Unfiltered Story #113074

, , , | | Unfiltered | May 29, 2018

(I at a local mall with my mother, and got some money to buy a treat from the bakery, i went up to the counter and got greeted by an employee)

Employee: “Hi.”

Me: “Hi, I would like to buy four chocolate muffins please.”

Employee: “What can i get you?”

Me: “Um, four chocolate muffins please?”

Employee: “Sure, how many?”

Me: “Four chocolate muffins please…”

Need To Bottle Up Your Feelings For This Customer

, , , | Right | April 17, 2018

(I am a cashier. At our store, we have a recycling machine that you can put old bottles into. Then, you either press a green button with dollar sign on it, which gives you a receipt with a barcode that can be exchanged for cash, or you can press the yellow button that says “WSPA” on it TWICE, which gives the money to charity and gives you a receipt with the total and the WSPA logo. An old lady comes into the store, shops for a lot of items, and after I’m done scanning them in, she gives me the WSPA receipt.)

Me: “Should I throw this out for you?”

Customer: “No, I want the money from the bottles.”

Me: “I’m sorry, but you donated the money to WSPA and I cannot give you your money.”

Customer: “Well, I don’t care; I want the money.”

(I call my manager. The old lady pays for her groceries, and afterwards follows my manager over to the machine where she shows the old lady that she had pressed the wrong button twice. They come back afterwards.)

Customer: *very irritated and angry* “I don’t care if I pressed wrong; you are ruining me for $0.90 (6 DKK). I want my money back for the things I have bought, AND I’M NEVER GOING TO SHOP HERE AGAIN!”

(So, with seven people in line, I had to return all her groceries for a total of $45 and watch her storm off afterwards as a couple of other customers giggled.)

Some Humor Is See-Through

, , , | Working | April 17, 2018

(Our new lab technician has a sense of humour.)

Lab Tech: *pushing the dirty glassware cart along the rows of benches in the lab* “Glass for the Glass God! Glass for the Glass God!”

(We empty and rinse our used glassware and put it in her cart. She comes to the row where the lab professor works.)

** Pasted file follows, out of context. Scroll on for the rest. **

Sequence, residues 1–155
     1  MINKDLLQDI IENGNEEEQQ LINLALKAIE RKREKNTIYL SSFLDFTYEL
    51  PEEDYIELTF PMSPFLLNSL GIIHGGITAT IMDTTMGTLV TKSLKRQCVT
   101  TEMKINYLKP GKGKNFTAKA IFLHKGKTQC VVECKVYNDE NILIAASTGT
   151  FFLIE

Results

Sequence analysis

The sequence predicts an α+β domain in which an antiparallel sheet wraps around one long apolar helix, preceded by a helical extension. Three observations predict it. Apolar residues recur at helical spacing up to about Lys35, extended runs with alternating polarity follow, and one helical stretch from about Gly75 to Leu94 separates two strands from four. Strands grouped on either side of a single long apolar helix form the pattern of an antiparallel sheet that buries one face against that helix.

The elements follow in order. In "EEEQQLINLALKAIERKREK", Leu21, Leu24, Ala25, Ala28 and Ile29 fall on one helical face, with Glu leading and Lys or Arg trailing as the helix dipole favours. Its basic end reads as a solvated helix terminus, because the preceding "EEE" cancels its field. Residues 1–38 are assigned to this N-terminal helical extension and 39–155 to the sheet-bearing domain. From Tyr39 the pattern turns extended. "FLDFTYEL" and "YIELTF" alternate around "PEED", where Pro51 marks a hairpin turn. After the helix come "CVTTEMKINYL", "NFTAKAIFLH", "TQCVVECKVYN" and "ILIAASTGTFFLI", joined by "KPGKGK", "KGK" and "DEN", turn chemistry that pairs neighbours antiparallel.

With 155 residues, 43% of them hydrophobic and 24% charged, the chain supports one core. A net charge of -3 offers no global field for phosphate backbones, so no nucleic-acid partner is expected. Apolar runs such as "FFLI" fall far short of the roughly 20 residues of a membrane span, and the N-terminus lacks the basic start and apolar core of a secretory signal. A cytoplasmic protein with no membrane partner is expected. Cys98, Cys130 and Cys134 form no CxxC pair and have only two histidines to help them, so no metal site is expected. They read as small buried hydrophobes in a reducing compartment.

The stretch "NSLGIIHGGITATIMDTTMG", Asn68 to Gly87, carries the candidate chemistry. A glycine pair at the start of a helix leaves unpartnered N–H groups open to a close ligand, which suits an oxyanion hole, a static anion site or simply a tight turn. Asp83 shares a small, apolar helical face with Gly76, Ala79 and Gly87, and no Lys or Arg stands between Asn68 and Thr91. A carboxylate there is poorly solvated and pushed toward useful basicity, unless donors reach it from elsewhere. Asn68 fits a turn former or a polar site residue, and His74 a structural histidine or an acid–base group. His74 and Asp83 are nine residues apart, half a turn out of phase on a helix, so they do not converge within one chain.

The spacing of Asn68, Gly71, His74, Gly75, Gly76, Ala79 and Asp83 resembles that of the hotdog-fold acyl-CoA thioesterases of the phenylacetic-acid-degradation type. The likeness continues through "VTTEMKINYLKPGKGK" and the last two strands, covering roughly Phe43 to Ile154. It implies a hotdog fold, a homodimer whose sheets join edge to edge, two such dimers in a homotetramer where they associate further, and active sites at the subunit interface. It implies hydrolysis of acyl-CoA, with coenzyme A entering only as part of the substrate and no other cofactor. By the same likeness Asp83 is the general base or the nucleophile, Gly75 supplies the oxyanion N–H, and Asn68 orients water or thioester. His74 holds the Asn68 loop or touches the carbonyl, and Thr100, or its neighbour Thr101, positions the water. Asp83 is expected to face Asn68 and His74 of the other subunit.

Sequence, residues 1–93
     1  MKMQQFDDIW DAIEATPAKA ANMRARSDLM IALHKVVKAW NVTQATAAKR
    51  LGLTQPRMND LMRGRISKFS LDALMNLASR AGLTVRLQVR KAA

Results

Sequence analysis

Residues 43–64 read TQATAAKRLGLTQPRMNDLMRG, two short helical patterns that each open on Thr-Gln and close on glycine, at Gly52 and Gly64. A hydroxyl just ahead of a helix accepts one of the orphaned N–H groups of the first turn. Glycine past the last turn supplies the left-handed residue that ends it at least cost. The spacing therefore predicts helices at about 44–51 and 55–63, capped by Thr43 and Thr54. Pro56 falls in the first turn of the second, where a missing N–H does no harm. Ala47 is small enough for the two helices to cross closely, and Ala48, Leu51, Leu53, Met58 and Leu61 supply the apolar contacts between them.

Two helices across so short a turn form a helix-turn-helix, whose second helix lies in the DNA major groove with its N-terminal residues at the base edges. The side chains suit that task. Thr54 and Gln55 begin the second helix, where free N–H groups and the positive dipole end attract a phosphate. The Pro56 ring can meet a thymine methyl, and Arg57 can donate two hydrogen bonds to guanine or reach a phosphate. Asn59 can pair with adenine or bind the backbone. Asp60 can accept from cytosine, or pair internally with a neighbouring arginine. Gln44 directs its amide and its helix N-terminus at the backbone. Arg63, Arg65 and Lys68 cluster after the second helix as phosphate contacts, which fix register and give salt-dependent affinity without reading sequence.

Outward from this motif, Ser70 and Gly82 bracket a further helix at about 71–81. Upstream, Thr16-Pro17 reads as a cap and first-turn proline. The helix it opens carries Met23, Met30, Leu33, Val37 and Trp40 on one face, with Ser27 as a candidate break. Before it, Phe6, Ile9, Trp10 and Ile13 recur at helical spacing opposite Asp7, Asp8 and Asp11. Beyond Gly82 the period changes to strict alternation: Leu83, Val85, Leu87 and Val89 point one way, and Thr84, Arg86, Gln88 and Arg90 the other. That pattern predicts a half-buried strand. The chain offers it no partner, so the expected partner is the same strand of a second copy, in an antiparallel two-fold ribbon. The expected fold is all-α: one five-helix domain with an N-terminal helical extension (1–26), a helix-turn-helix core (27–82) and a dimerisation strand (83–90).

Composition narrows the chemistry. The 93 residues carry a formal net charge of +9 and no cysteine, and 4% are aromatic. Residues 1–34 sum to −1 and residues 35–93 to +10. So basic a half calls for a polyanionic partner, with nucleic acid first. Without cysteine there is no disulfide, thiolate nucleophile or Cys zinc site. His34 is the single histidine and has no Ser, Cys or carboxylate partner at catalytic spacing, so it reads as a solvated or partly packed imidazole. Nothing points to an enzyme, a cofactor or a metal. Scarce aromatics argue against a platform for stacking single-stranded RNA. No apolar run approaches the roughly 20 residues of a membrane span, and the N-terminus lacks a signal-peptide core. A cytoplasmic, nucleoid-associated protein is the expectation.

Lab Tech: “Glass for the Glass God! Glass for the Glass God!”

Professor: *confused* “Wha – what?”

Lab Tech: “Do you have any dirty glassware for the glass wash?”

Professor: “Ah! Ah, no, I don’t. Thank you, though.”

Lab Tech: *next row of benches* “Glass for the Glass God! Glass for the Glass God!”

Professor: *muttering* “I know what I thought I heard.”

It’s A Nice Day To Start Listening

, , , | Right | April 6, 2018

(The cashier rings up my purchases. I pay.)

Cashier: “Have a nice day!”

Me: “No, thanks!”


Me: “Oh! I thought… Thank you! You, too!”

(I hurried out.)

Won’t Let You Bring Home The Danish Bacon

, , , | Working | April 5, 2018

(I live in the US and need to transfer money to my Danish bank account. I decide to bring a paper check with me on a vacation trip back to Denmark, because the exchange rate will be slightly better and the fees less. My Danish bank, where I have been a customer for 42 years, and where my dad has worked since I was born, has lately decided to charge fees for just about everything. Also, while I have lived in the US, I have been shuttled around between at least six different “advisors,” none of whom have I met. This incident starts as I try to deposit the check for a value of $5,500 into my Danish account.)

Me: “I’d like to deposit this check into my account with the number [account number].”

Teller: “Okay, but this is a lot of money. I need contact your advisor, and since he’s in a different branch that could take some time.”

Me: “Sure, okay, but I have never met him, so I don’t know what he can tell you about my account that you cannot see for yourself.”

Teller: *looking at me suspiciously* “I still have to do it. We cannot just accept such a large deposit. Can you wait while we call him?”

Me: “Sure.”

(Thirty minutes later, the teller comes over to the waiting area to get my wife and me.)

Teller: “Well, we got it sorted out, but really, in the future you should just make an electronic wire transfer.”

Me: “I prefer to use a check.”

Teller: “Well, you really should use a wire transfer. It is the easiest way.”

Me: “Yes, and I also know the fees are really high, not just from your side, but also from the American bank that sends it, plus the exchange rate is not very good. I prefer to avoid the fees.”

Teller: *waving the check at me* “Oh, that’s nothing compared to what I’ll be charging you in fees to deposit this!”

(I happen to know the check deposit fees are lower than the wire transfer fees, the exchange rate is the same, and there’s no fee to the American bank for issuing the check. Also, my dad has offered to cash it for me for free and get me the employee exchange rate. I just figured I’d try and take care of it myself. However, the teller’s attitude really annoys me.)

Me: *reaching for the check* “Can I have that, please?” *teller hands me the check, looking confused* “Thank you, but you know what? I’ll just ask my dad to do it for me. He works in the [City] branch of this bank, and can do it for no fees and at a better exchange rate.”

Teller: *looking surprised* “Eh, okay. So, you don’t want me to do it?”

Me: “No. Not only can I save money, but I’ll also get vastly better service! God knows you charge outrageous fees now, but you almost seem to take pride in rubbing the customers’ noses in it. Goodbye!”

(Later, when I told my dad about the teller’s attitude, he encouraged me to report it to her branch manager, but also warned me that nothing would likely come of it, as recent personnel cuts had mostly left those behind who didn’t care much to provide good customer service. As soon as my student loans are paid off, I’ll be closing that bank account.)

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